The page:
Proximate composition analysis of the diets and shrimp whole body was determined following the standard AOAC methods (AOAC, 2016). The moisture content was determined gravimetrically by oven drying at 105 ℃ to constant weight. The freeze-dried shrimp were also dried in an oven to determine moisture due to the incomplete moisture evaporation during freeze drying. Ash was determined by weight difference before and after the incineration of samples in a muffle furnace at 550 ℃ for 12 h. Crude protein was determined by following the Kjeldahl procedure, multiplying the total nitrogen by 6.25. The Foss TecatorTM Digestor and KjeltecTM 8100 Distillation Unit (FOSS North America, Eden Prairie, MN, USA) were used to determine the total nitrogen content. Crude fat was determined by Randall/Soxtec/Hexanes Extraction-Submersion Method using petroleum ether as an extraction solvent, and FOSS 2055 Soxtec Avanti Manual System (FOSS North America, Eden Prairie, MN, USA) was used. Neutral detergent fiber (NDF) contents were quantified by using the ANKOM Filter Bag System (ANKOM 2000 automated fiber analyzer, ANKOM Technology, Macedon, NY, USA). High-performance liquid chromatography (HPLC, Agilent Technologies, CA, USA) combined with modified performic acid oxidation was used to analyze amino acids. Mineral determination using a modified method in a previous study using microwave-assisted acid digestion (Farzad et al., 2019). Briefly, 0.5 g dry diet or shrimp body sample was transferred to a polytetrafluoroethylene tube. Four milliliters of nitric acid (69% w/v), four milliliters of distilled water, and two milliliters of hydrogen peroxide (30% w/v) were added. The samples were then heated to a temperature of 180 ℃ and held at this temperature for 15 min using a microwave power of 800 W. After digestion, samples were diluted and sent to inductively coupled plasma mass spectrometry for mineral analysis (Agilent 7900 ICP-MS, Santa Clara, CA, USA). For the fatty acid determination, the lipids in diets were extracted using chloroform/methanol (2:1, v/v) following the method of Folch, Lees, & Stanley (1957). The extracted lipids were transformed to fatty acid methyl esters (AOCS method Ce 1b-89), which were analyzed using gas chromatograph-mass spectrometer (QP2010, Shimadzu, Kyoto, Japan), equipped with column ZB_WAXplus (60m x 0.25mm, thickness 0.25 µm), an FID detector, and an auto injector AOC-20i. The injection mode was split. The carrier gas was helium. The temperature program included a gradient from 175 up to 225 ℃ with an increased rate of 2.0 ℃ min-1.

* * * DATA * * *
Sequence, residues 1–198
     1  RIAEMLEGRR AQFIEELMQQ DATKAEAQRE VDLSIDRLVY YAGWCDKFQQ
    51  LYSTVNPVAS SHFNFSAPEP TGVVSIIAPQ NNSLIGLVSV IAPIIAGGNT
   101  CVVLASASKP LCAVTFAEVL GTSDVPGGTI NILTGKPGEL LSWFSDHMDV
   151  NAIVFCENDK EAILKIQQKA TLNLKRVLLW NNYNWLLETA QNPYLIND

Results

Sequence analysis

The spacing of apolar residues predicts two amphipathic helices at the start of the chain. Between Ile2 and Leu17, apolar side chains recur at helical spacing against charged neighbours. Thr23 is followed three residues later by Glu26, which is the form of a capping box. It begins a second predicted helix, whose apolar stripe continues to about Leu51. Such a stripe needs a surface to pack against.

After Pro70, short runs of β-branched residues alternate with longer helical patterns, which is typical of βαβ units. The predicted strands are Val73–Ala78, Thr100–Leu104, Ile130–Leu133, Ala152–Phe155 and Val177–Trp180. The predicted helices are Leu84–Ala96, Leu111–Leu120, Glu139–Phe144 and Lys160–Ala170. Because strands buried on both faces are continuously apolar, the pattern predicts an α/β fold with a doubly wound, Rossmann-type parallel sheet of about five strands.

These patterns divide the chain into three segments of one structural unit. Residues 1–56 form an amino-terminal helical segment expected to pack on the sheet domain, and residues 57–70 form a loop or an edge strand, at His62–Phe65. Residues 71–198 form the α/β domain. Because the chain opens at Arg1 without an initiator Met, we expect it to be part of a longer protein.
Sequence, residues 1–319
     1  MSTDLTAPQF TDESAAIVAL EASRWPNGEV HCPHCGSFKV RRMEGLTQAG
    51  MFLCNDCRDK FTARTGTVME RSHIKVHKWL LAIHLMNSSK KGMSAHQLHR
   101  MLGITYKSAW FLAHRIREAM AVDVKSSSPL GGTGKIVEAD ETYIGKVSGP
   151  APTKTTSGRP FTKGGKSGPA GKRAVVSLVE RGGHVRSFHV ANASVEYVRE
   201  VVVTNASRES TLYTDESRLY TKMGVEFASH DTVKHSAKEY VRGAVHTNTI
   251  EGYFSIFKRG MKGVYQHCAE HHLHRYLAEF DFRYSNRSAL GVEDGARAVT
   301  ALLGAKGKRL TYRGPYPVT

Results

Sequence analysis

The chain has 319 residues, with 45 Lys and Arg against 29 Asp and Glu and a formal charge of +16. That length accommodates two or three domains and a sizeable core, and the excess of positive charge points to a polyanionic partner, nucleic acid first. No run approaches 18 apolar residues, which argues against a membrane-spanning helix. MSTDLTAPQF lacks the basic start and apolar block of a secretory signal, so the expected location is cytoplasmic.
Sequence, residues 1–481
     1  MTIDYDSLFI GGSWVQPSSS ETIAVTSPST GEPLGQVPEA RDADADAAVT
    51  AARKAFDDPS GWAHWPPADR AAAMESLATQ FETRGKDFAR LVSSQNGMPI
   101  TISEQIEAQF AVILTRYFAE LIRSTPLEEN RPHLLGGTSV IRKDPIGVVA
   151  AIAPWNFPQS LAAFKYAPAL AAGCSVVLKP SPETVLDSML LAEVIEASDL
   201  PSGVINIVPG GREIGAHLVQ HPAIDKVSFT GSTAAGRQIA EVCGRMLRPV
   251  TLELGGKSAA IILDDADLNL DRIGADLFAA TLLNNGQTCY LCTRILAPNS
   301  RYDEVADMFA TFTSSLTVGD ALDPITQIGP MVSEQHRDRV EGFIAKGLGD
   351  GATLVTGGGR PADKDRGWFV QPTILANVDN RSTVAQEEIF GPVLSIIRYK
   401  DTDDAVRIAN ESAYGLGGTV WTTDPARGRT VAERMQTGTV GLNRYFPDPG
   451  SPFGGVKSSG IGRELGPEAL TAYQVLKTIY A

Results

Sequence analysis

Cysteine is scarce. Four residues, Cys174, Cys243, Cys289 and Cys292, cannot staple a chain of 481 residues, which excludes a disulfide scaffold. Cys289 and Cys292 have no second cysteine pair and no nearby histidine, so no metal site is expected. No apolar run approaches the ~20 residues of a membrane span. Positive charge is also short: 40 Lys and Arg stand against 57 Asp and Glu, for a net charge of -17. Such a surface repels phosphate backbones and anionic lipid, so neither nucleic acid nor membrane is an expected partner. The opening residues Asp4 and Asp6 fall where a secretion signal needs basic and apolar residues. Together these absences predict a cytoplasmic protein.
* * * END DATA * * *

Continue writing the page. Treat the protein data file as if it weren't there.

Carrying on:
5. Shrimp performance indicators

The shrimp growth performance was analyzed using percent weight gain, specific growth rate (SGR), feed conversion rate (FCR), shrimp survival percentage, and protein efficiency ratio. 

6. Process simulation and techno-economic analysis (TEA)  to quantify the protein production cost from brewer's spent grain

The TEA model for PP production from BSG included a process flow diagram, rigorous process modeling based on the mass and energy balance, and economics of materials, utilities and equipment using SuperPro Designer 11.0 (Intelligen, Inc., NJ, USA). Given the USA has a high number of large breweries to provide a centralized BSG resource, and the BSG itself is highly perishable and costly to ship, it is assumed that the BSG processing plant is co-located at a large brewery. The co-location strategy has certain advantages, including avoiding the shipping cost of BSG and preventing BSG from spoiling. The wet fractionation process was designed to handle 590 t of wet BSG per day, which is the average BSG generation rate by large breweries in the USA (TTB, 2019). The process runs 330 days (7,920 hours) per year with three shifts per day; the remained 35 days are scheduled for equipment maintenance and cleaning (Davis et al., 2011). The cost of maintenance is included in the category of fixed operating costs. PP was assigned as the main product, and fiber residue (FP) after protein separation was a coproduct to be sold for credits. The detailed process modeling and TEA were published in He et al. (2021). 

Research results and discussion:

1.  Nutritional Composition of the high-protein feed

Under the optimized processing condition, the high-protein feed (PP) had 45.8% crude protein, 9.5% crude fat, 0.8% neutral detergent fiber, and 6.7% ash. The total carbohydrates in PP were calculated by the weight difference between the total dry matter and the sum of crude protein, total fat, and ash according to the reference (Merrill & Watt, 1973). The calculated total carbohydrates in PP was 38.0%. It is important to mention that the protein concentration in PP is doubled compared to the protein concentration in the original brewer's spent grain, indicating that the developed fractionation process was not only able to separate protein from the brewer's spent grain but also able to concentrate protein in PP. 

2. Shrimp feeding trial and its growth performance